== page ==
Set amidst the Afrocentric treasure that is the Essence Festival, GIRLS TRIP is a hilarious comedic romp, filled with celebrity cameos, entertaining performances, and an intriguing story of friendship, “extreme” fun, foul play and forgiveness. Having attended the festival as a first-timer, only two weeks prior, I was drawn right back to the cadence, charm and party atmosphere of the city, nicknamed “The Big Easy, while viewing.
“Girls Trip” tells the story of four friends – veteran actresses Regina Hall (When The Bough Breaks, The Best Man Holiday), Jada Pinkett-Smith (Gotham, Magic Mike XXL) and Queen Latifah (Star,Bessie), with scene stealing actress/comedian Tiffany Haddish (The Carmichael Show) – who reunite after several years of ups, and major downs for part of the foursome, for a New Orléans trip.
Easy comparisons of the film will be made to “Bridesmaids,” and the more recently released “Rough Night,” which highlights women reuniting for big life events. However, this film avoids the “wedding” trope, and explores universal themes through four African-American women who are reuniting to support and celebrate Hall’s character (Ryan Pierce) being selected as the keynote speaker for the aforementioned fest. As the one who appears to have it all together, Ryan’s friends find out she needs support, in more ways than one, and secrets are revealed that test the boundaries and strength of the “Flossy Posse’s” friendship.
In regards to the cast, let me first say that Tiffany Haddish is a star rising towards an extremely bright path. She not only held her own along side heavyweight female leads, she often stole the show. And Regina Hall, who is adept at providing comic relief in her own right – see 2014’s “About Last Night” as an example – brought it as the straight “man” opposite the comic riot that is Haddish.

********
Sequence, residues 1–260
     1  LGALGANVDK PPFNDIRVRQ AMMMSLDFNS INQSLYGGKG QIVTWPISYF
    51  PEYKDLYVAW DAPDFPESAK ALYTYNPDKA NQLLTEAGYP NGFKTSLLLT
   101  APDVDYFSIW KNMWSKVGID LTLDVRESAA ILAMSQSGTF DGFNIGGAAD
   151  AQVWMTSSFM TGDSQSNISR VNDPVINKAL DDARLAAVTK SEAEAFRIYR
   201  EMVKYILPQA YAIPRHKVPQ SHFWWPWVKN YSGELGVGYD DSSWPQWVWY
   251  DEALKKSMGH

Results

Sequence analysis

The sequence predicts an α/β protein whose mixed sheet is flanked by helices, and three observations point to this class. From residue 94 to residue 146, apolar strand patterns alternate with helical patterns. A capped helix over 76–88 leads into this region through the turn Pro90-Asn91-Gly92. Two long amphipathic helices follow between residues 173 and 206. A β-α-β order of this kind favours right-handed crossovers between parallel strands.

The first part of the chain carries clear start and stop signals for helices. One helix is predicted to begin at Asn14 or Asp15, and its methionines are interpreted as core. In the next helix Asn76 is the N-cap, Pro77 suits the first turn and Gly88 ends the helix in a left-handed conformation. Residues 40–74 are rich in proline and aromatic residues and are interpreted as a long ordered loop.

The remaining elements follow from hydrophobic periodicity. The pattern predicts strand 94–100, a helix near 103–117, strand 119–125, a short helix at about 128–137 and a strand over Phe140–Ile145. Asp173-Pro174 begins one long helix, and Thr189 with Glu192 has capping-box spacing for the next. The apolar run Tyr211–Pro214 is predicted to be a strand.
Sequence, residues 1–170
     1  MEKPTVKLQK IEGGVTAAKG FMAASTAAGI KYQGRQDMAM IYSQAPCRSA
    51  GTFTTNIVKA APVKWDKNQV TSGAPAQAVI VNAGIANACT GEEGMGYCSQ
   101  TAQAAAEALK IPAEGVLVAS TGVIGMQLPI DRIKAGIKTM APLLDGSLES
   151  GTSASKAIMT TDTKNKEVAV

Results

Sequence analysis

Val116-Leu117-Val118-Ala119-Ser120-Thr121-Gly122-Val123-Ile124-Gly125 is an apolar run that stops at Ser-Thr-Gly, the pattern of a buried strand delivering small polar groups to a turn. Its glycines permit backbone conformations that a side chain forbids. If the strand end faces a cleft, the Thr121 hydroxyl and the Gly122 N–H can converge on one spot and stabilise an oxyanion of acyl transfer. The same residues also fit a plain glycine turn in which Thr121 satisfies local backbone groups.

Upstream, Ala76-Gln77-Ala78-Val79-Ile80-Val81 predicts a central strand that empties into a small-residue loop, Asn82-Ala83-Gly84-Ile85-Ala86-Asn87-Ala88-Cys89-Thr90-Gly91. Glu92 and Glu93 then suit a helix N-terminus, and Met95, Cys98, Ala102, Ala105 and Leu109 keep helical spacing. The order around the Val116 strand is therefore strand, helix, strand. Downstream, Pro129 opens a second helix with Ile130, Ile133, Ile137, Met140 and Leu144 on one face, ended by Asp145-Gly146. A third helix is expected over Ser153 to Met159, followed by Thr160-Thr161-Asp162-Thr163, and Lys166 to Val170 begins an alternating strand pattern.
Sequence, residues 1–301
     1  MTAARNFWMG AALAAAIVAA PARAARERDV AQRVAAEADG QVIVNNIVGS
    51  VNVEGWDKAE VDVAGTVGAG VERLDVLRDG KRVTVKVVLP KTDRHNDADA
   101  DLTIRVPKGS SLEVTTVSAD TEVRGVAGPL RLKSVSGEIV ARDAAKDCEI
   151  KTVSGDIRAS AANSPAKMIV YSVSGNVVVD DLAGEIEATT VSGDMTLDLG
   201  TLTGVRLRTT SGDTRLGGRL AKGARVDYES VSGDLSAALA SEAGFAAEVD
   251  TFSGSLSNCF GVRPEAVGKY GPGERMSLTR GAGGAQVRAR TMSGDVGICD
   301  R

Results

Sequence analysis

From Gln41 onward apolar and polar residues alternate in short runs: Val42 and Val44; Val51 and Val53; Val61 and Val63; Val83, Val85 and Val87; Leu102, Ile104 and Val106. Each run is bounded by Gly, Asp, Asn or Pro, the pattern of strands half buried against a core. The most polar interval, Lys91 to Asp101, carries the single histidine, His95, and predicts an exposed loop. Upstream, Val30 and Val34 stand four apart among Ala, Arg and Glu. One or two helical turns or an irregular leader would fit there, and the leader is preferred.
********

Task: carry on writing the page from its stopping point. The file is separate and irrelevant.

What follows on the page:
As a (gasp) middle age woman, it was also a delight to see Queen Latifah and Jada Pinkett-Smith reunited on-screen – and be sure to look out for the nod to their 1996 all female lead hit (hint, hint).
But this just isn’t a film with female star power – with actors such as Larenz Tate (Power, Deuces), Mike Colter (Luke Cage) and newcomer Kofi Siriboe (Queen Sugar) bringing the heat for the male team. The female dominated audience I viewed the film with did everything but stand, although I can’t be sure what happened behind me, with the ovation given to Siriboe when his character is first introduced.
And can Mr. Tate please share what fountain of youth he has located, because he has delayed aging significantly! As friend to the crew and touring bass player Julian, Tate also brought “go for it girl” moments for one of the posse members, and a serious heart-throb factor – especially for one of my companions, who so accurately noted that you could put stills of him from both “Love Jones” and this film side by side and he’d look the same.
All in All, “Girls Trip” was the most fun I’ve had watching a film in a while, and I have no doubt that director Malcolm D. Lee (Barbershop: The Next Cut, The Best Man Holiday) and screenwriters Kenya Barris (Barbershop: The Next Cut, black*ish) & Tracy Oliver (Barbershop: The Next Cut, Survivor’s Remorse) have knocked this one out of the park, will surpass box office expectations, and create an influx of “flossy posses” at next year’s Essence Festival.
Until next thought, Thomasena